By Ivan Yeo
One of the more impactful athletes is calling it quits.
Robbie Rogers of the Los Angeles Galaxy, the first openly athlete to play in a North American sports league announced his retirement from professional soccer. Rogers, a key member of the Galaxy backline for three seasons, missed all of the 2017 season due to nerve damage in his left ankle.
“It is with mixed emotions that I announce my retirement from the game of soccer,” said Rogers in a statement released by the Galaxy. “It is through this game that I have experienced some of my greatest achievements both professionally and personally and I am forever indebted to the numerous individuals – coaches, teammates, staff and fans – that have helped me during this journey.”
Rogers made headlines in February of 2013 when he announced he was gay. Rogers had also announced his retirement a first time that same day, but a speech delivered at an LGBT youth development camp in Portland in April of that year, followed by an invitation to train with the Galaxy by Bruce Arena, then the head coach and general manager, convinced Rogers to return to the game.
The Chicago Fire held Rogers’ rights via a trade with the Columbus Crew, but Rogers, who attended high school in Southern California, wanted to play for the Galaxy so that he could be close to his family and friends. A trade was made between the Galaxy and Fire on May 24, 2013. However, it was the player that Chicago got back in the trade, Mike Magee, that sent shockwaves across the league. Magee had ascended to cult-like status among Galaxy fans for his clutch playoff performances in the Galaxy’s back-to-back championship seasons of 2011 and 2012, and Magee was scoring goals in bunches to start the 2013 season. Rogers made his debut for the Galaxy on May 26, and saw extensive playing time in the LA midfield the remainder of the season. Rogers however struggle to find his place on the Galaxy squad, while Magee went on to win MVP honors that season.
Rogers started the 2014 season on the disabled list, but a position switch upon his return revived Rogers and eventually, the Galaxy that year. Arena moved Rogers out of the midfield and into the left back position, and Rogers made the adjustment quite well, as his ability to push forward combined with his positioning benefited the Galaxy, who went from a middle-of-the-pack team to almost beating out the Seattle Sounders for the Supporters Shield. Nevertheless, Rogers’ contributions helped the Galaxy reclaim the MLS Cup in 2014.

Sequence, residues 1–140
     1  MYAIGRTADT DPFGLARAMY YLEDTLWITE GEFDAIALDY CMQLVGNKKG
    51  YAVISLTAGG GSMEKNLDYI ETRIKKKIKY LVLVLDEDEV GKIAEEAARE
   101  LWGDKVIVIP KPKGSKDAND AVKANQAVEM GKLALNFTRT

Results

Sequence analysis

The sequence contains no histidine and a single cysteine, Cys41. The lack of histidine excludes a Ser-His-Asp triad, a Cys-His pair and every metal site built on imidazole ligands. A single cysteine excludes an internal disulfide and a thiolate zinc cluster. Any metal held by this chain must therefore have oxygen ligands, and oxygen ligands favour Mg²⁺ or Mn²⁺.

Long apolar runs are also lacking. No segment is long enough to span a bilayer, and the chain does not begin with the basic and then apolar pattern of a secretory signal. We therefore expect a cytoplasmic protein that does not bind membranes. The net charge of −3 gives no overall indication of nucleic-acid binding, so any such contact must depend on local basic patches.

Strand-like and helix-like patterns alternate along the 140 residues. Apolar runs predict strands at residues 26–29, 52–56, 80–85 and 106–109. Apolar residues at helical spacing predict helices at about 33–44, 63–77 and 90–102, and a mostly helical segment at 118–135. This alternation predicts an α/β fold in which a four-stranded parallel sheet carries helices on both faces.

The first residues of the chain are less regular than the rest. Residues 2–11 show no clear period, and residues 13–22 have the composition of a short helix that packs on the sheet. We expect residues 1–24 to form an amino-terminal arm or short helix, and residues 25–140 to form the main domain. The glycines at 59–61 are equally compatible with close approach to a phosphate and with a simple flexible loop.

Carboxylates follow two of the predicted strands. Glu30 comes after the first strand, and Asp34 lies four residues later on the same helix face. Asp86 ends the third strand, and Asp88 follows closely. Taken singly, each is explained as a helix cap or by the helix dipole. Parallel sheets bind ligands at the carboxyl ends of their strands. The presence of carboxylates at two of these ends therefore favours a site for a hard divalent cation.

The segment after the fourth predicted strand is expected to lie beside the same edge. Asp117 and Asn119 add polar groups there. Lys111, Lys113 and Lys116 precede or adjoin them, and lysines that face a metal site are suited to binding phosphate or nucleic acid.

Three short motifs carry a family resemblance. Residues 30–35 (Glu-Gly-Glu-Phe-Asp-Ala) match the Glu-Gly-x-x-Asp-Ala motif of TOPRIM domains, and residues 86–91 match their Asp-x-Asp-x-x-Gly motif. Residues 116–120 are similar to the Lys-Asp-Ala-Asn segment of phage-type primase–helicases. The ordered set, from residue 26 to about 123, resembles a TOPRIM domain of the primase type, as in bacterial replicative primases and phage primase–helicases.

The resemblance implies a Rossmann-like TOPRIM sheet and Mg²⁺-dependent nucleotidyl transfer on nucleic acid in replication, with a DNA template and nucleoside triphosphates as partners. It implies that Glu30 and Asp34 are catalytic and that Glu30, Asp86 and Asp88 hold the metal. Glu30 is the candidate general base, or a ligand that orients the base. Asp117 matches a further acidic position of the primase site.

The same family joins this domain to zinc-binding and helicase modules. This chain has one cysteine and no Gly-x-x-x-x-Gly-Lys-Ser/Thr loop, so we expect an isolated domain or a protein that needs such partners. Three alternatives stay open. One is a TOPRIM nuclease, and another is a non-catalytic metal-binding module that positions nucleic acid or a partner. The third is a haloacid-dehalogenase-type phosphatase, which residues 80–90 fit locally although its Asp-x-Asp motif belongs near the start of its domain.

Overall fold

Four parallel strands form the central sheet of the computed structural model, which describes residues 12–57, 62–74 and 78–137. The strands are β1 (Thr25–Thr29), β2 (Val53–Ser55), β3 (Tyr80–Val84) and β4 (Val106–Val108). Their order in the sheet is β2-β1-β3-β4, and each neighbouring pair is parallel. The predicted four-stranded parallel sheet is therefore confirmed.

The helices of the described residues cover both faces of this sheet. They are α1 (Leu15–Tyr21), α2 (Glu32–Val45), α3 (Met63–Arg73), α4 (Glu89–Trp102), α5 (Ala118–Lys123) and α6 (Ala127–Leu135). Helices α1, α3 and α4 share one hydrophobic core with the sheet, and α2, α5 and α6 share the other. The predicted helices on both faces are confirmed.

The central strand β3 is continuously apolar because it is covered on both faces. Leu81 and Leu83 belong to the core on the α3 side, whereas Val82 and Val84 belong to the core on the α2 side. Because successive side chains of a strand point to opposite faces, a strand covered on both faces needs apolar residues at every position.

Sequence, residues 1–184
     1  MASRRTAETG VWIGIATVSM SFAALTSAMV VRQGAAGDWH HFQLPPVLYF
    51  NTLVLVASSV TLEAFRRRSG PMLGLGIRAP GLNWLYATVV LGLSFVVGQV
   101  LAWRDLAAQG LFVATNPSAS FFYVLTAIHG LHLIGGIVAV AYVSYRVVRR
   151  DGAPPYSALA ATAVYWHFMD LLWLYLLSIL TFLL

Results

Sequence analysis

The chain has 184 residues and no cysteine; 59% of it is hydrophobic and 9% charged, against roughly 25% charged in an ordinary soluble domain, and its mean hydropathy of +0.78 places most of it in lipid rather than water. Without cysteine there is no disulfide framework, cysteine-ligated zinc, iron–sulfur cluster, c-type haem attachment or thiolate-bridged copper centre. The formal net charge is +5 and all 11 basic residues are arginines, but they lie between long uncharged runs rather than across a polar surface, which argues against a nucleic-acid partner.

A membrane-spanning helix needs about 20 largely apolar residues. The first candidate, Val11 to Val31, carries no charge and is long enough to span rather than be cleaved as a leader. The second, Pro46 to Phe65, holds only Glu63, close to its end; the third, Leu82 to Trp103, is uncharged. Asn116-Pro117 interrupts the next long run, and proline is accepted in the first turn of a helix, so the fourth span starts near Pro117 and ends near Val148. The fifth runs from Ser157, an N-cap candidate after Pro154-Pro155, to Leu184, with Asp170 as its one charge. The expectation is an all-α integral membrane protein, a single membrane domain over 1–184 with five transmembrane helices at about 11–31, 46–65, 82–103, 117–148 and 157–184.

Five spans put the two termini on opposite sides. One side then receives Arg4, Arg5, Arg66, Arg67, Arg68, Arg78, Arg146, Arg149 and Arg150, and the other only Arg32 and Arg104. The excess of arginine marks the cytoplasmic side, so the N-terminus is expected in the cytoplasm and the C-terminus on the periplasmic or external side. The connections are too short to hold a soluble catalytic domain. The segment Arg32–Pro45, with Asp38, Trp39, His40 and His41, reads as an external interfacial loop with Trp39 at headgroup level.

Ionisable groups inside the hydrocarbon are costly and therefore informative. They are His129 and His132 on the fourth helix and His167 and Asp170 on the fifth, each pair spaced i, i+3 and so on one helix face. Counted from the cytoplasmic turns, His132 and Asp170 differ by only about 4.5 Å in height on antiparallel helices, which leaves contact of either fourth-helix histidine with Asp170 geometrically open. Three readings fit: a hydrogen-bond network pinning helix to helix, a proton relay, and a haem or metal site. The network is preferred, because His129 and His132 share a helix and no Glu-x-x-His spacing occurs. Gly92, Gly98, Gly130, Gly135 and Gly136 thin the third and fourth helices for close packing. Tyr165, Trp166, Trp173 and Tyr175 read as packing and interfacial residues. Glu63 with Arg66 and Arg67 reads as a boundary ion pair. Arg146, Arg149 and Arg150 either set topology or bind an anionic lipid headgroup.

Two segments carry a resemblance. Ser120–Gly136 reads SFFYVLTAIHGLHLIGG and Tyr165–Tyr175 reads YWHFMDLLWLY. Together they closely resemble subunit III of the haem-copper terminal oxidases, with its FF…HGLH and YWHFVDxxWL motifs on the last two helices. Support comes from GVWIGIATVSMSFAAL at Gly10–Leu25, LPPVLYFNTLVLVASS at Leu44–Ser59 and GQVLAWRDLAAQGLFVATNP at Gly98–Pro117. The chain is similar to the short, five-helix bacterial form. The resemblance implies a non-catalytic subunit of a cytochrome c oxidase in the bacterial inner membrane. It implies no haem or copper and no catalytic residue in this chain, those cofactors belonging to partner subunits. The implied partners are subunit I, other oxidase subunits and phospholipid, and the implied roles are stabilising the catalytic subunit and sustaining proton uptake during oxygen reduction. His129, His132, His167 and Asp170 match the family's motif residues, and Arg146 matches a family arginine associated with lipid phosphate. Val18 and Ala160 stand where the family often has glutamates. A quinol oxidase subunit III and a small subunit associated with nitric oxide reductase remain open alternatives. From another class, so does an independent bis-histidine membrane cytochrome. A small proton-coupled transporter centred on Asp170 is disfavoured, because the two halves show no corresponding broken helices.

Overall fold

“I want to personally thank Mr. Anschutz, Dan Beckerman and the entire AEG family for the opportunities and continual support they have given me during my time with the LA Galaxy,” Rogers said.
“I would like to thank Bruce Arena for encouraging me to return to professional soccer after I came out as a gay man. I’d also like to thank all of my LA Galaxy teammates for accepting me from the first day I stepped back into the locker room at StubHub Center. Finally, I’d like to thank the fans for their continued support throughout my career. I’ll never forget the feeling of returning to the field in my first game back. That feeling of acceptance and support pushed me as an athlete and as a person.”
Rogers continued to feature for the Galaxy at Left Back in 2015, and scored his first goal in a Galaxy shirt on June 25 against Portland, which was fittingly Pride Night at the StubHub Center. Rogers switched over to right back in 2016 following the team’s acquisition of Ashley Cole and made 21 appearances, but his production was limited due to the same ankle problems that eventually forced him to miss all of 2017 and ultimately force his retirement.
“Robbie Rogers has been an integral part of our club and our community since he joined the LA Galaxy in 2013,” said Chris Klein, LA Galaxy President. “During his time in Los Angeles, Robbie has been an elite athlete and a good teammate. He helped lead our club to a championship in 2014 while breaking barriers and being a force for positive change in our sport and in our community. We want to thank Robbie for his time with the LA Galaxy and wish him the best of luck in the next step of his career.”
Before his Galaxy career, Rogers had enjoyed success at other places. Rogers played one year of college soccer in 2005 for the Maryland Terrapins, where he lead them to an NCAA title. His performance caught the eye of Dutch club Heerenveen, who signed Rogers in August of 2006. Rogers however could not make the first team for Heerenveen, and the two sides parted ways in February of 2007.
Rogers signed with MLS in March of 2007 and the Columbus Crew won his rights. Rogers eventually established himself for the Crew, making 138 appearances, scoring 17 goals and making two all-star appearances all the while leading the Crew to two Supporters’ Shields and an MLS Cup title in 2008. Rogers parlayed his success in Columbus into a contract with Leeds United in December 2011. Rogers however was hampered by injuries, which limited him to just four appearances with the club, and Rogers left Leeds on February 15, 2013, just weeks before his announcement he was gay.
Rogers has also made several appearances for the US national team. Rogers earned 18 caps for the senior team, played in the 2008 Olympics and scored a goal in Jurgen Klinsmann’s first game as USMNT head coach. Rogers is also a member of the National Gay and Lesbian Sports Hall of Fame.